Try as I might last night I couldn’t do it. I couldn’t focus on the matter at hand – the president of the United States delivering his first State of the Union message.
Soon after the president was done speaking and the pundits began their obligatory commentary it became clear that the president had done reasonably well. “Reasonably well” defined as having stuck to his script, which was sane in the vein of American conservatism rather than somehow off the wall.
But last night was not about the speech, the details of which 24 hours from now will be largely forgotten. Rather it was about the contexts within which the speech was delivered. Last night was not, in other words, about leadership. Rather it was about the leadership system in which leaders, followers, and contexts each get equal billing.
I could, for example, write about the apparently slavish devotion of President Donald Trump’s most faithful followers. Say the two men who sat behind him as he spoke last night, Vice President Mike Pence and Speaker of the House Paul Ryan. Both are in the president’s hip pocket, though not so long ago Ryan was Mitt Romney’s vice-presidential running mate.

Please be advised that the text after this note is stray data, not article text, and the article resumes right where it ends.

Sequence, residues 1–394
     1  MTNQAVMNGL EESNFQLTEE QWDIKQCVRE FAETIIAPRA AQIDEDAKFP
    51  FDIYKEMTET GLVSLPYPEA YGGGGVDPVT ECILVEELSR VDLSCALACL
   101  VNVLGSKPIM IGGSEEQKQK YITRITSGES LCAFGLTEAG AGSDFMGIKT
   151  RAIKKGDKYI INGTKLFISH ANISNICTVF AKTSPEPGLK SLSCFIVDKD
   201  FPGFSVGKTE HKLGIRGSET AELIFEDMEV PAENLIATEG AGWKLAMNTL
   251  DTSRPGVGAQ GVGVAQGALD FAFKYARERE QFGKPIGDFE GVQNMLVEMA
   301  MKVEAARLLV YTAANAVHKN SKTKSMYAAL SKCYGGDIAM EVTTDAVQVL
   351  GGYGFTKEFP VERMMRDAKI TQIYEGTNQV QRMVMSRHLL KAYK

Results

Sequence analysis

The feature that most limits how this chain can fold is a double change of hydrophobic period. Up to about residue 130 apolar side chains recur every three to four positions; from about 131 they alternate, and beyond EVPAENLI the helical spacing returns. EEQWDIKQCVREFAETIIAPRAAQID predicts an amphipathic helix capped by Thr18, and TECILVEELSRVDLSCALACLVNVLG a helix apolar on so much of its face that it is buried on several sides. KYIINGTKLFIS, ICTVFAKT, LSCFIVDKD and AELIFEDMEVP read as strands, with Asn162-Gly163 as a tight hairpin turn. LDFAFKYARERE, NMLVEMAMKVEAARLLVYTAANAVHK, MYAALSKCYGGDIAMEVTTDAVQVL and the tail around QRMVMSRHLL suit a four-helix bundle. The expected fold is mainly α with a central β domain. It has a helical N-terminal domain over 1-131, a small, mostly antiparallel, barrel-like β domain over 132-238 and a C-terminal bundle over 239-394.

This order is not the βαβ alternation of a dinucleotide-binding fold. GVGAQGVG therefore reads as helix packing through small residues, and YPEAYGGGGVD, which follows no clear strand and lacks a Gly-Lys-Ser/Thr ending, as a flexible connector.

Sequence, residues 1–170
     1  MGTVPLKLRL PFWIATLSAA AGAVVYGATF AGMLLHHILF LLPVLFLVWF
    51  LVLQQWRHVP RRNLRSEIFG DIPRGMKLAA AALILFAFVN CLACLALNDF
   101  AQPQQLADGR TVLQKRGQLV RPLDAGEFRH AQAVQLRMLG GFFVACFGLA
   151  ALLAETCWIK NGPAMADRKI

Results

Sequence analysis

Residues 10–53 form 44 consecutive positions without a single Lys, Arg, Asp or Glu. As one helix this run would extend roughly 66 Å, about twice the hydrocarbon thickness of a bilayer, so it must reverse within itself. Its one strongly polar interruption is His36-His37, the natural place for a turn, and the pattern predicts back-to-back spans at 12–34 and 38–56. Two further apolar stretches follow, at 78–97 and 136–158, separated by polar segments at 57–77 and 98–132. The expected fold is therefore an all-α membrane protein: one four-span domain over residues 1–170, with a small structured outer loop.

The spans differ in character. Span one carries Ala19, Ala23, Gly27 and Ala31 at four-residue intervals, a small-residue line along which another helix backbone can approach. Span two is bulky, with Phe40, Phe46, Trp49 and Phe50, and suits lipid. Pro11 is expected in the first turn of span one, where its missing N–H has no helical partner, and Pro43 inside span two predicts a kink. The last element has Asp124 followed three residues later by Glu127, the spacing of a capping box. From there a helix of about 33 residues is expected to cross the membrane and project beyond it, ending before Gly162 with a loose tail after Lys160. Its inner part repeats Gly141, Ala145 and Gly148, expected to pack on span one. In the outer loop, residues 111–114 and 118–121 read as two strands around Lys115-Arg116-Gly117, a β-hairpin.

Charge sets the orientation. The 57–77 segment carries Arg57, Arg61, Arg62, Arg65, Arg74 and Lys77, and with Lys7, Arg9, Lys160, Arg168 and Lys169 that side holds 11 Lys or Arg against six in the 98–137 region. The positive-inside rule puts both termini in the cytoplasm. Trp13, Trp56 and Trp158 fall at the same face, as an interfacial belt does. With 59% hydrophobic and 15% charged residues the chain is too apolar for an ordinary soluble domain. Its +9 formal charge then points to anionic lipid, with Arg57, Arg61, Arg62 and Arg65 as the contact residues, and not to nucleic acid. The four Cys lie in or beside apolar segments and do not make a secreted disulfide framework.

Mitt Romney’s running mate! Can it be? Is it possible that the same man who ran with Romney – Romney, who in 2012 correctly identified Russia as America’s “number one geopolitical foe” – now supports a president who supports Russia? Who, to take a single case in point, refuses to implement the sanctions against Russia that Congress legislated only recently with overwhelming bipartisan support?
But… I won’t go on about Trump’s followers. At least not here, not now. What I will go on about is the context within which the president’s State of the Union speech was delivered. For what transpired last night was nothing other than an alternate reality. The obvious reality had a veneer of normality. An American president delivering a State of the Union speech in late January in the halls of Congress.
But the other reality was abnormal altogether. For this particular State of the Union speech was delivered as the country moved, seemingly inexorably, toward a constitutional crisis. A constitutional crisis that threatens, moreover, to be unlike any other that preceded it, even Watergate. Watergate entailed a threat from within; but not one from without. The current threat involves nothing short of our “number one geopolitical foe” first tampering with and then derailing American democracy – America’s political norms and its political system.
Let me put it this way. I am worried about the legitimacy of the 2018 congressional elections. No wonder I could not get into a State of the Union state of mind.